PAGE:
“Yes Men Can,” says India’s Kant Brothers

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Ravi Kant, eldest of the brothers of Shakti Vahini.

It was a routine visit to the brothel in New Delhi as a part of the awareness drive on HIV/AIDS that changed their lives. Seeing the desperation in the eyes of a terror-stricken 14-year-old girl while they were distributing condoms left them shaken. Realizing that she was there against her will, Ravi, Nishi and Rishi Kant knew they had to rescue the girl.

After they managed to get the girl out, the three brothers realized that they had to channel their outrage at the violence against women in a more organized manner if the brutality of trafficking were to be accurately exposed. Born out of that mission is Shakti Vahini, a non-profit organization created to put an end to men attacking, trafficking, abusing and enslaving women. Beginning with just one state 17 years ago, it is now working in 13 states and has rescued over 6,000 female victims from physical and sexual abuse, trafficking, honor killings and forced marriages.

According to a recent report by the UN Office for Drugs and Crime, South Asia, with India at its centre, is the fastest-growing and second-largest region for human trafficking in the world, after East Asia. The Indian state of Assam had 1,494 cases of human trafficking, the highest number in 2015, according to the latest National Crime Records Bureau.

“We were horrified by the violence we saw against the minor girls. In many cases, oxytocin injections were given to make the girls look older and voluptuous. Taught by our parents to always respect and protect women, all three of us decided to set up an organization to combat violence against women. We wanted to become a voice for the unheard and amplify the issues to bring about change,” says 50-yer-old Ravi Kant, eldest of the three brothers and president of Shakti Vahini.

In 2001, when the three brothers began their work, they faced skepticism and even discouragement. “Initially people laughed at us. Here were three men working on women’s issues, especially violence against women. Even women’s groups didn’t take us seriously at first,” Ravi says.

But this didn’t deter them. Neither did threats from pimps, brothel owners and corrupt law enforcement officials. “It is a difficult and risky job to raid a brothel and bring the culprits to court. But we were determined to continue,” says 43-year-old Rishi Kant, youngest of the brothers.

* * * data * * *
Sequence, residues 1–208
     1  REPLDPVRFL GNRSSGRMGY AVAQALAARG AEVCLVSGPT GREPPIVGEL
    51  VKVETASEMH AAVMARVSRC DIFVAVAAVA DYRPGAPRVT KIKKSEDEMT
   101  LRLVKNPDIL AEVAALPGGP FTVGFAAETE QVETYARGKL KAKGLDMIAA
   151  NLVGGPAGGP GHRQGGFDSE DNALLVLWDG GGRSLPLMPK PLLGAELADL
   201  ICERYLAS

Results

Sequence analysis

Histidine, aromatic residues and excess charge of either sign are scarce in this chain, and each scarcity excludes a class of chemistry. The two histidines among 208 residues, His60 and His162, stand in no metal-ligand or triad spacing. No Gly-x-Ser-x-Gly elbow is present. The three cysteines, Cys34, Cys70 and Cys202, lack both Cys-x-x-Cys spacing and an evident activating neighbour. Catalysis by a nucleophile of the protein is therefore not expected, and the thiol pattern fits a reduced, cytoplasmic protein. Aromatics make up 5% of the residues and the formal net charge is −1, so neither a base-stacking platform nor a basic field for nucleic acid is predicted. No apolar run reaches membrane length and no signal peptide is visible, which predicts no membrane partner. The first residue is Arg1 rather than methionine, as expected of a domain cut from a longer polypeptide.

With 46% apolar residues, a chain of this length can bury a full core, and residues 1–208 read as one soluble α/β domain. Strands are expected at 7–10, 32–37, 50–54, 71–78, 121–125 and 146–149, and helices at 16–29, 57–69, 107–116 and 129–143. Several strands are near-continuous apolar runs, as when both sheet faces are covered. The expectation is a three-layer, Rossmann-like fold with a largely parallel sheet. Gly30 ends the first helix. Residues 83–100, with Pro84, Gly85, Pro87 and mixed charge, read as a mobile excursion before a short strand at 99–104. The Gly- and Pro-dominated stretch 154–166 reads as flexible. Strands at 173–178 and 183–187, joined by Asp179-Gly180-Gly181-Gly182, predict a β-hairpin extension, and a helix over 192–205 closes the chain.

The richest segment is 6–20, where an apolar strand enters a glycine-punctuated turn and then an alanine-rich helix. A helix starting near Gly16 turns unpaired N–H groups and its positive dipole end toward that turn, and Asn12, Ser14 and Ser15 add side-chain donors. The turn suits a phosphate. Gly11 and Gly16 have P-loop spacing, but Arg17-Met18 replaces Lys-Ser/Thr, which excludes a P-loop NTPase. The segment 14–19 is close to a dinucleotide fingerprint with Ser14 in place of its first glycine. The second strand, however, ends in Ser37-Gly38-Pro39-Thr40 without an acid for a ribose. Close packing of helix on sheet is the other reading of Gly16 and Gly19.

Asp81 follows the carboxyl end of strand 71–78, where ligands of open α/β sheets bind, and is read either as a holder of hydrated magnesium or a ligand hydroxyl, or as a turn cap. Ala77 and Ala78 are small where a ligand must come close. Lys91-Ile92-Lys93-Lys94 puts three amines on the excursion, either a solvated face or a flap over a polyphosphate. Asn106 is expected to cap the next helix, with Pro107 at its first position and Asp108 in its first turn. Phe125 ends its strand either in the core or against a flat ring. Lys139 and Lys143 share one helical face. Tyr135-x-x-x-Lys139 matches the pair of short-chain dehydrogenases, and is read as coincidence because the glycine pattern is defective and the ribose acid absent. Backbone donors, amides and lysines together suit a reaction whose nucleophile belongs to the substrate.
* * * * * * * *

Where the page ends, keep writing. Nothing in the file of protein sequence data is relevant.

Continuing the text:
In fact, it was the viciousness of the violence that kept them going. “Crimes against women have a lot of layers of violence- prostitution, forced marriage and slavery. One of the more horrific cases was rescuing an enslaved girl who was a minor, and subjected to severe violence. We found her naked with cut marks all over her body. Her head had a deep wound and was full of maggots. We were horrified, but it also deepened our commitment to end trafficking,” Rishi recounts.

To do so, they adopted a multi-pronged strategy. While their push for rescues led to the arrest of a major trafficker who had allegedly smuggled more than 10,000 minors from rural areas in 2013, simultaneous advocacy efforts with other groups led to changes in Section 370 of the Indian Penal code,  which prohibits slavery and sex trafficking. It also brought about the country’s first comprehensive anti-human trafficking law, introduced in 2016. “Although it is still in the drafting stage, it will hopefully increase prosecution and convictions,” says 47-year-old Nishi, executive director, Shakti Vahini.

“This Bill is necessary since there is a shift in the way these trafficking traps work now,” Rishi adds. “The traffickers get the phone numbers from mobile recharge shops that maintain records of the pre-paid numbers that get recharged. Once the girls leave the shop, the traffickers pay the staffers Rs 500-1000 (USD $7-$10) per phone number.  Traffickers then start shadowing these girls, luring them with promises of jobs and marriage, or taking them to visit Taj Mahal. If the girl agrees, she is placed on Delhi-bound trains, where middlemen pocket approximately Rs 50,000 per girl. The girls are then sold in Delhi, Ghaziabad and Agra brothels for at Rs 2-3 lakh (USD $250-$300),” Rishi says.

As the only NGO run by three brothers, Shakti Vahini’s mission is to also teach boys to respect women. They do so by engaging boys in various gender sensitization programs in schools and colleges, “until every one of them understands the importance of respecting women,” Nishi says. Shakti Vahini has also developed a database of traffickers who have been arrested during their raids and rescue operations. Believing that human trafficking is a form of organized crime, “profiling these traffickers will help us and law enforcement  agencies track them down, since traffickers tend to be involved in many other cases as well,” Nishi points out.

Eradicating violence against women through honor killing is also an important part of Shakti Vahini’s mission. The organization, in fact, has filed several public interest litigations in the Supreme Court to highlight cases where women were publicly paraded naked and branded as witches, which led the Court to require state governments to inform them about the actions being taken to put an end to this. “Many state government officials grumble about this and consider us a nuisance,” Ravid says. “But we are willing to be a nuisance as long as it helps bring justice for women.”

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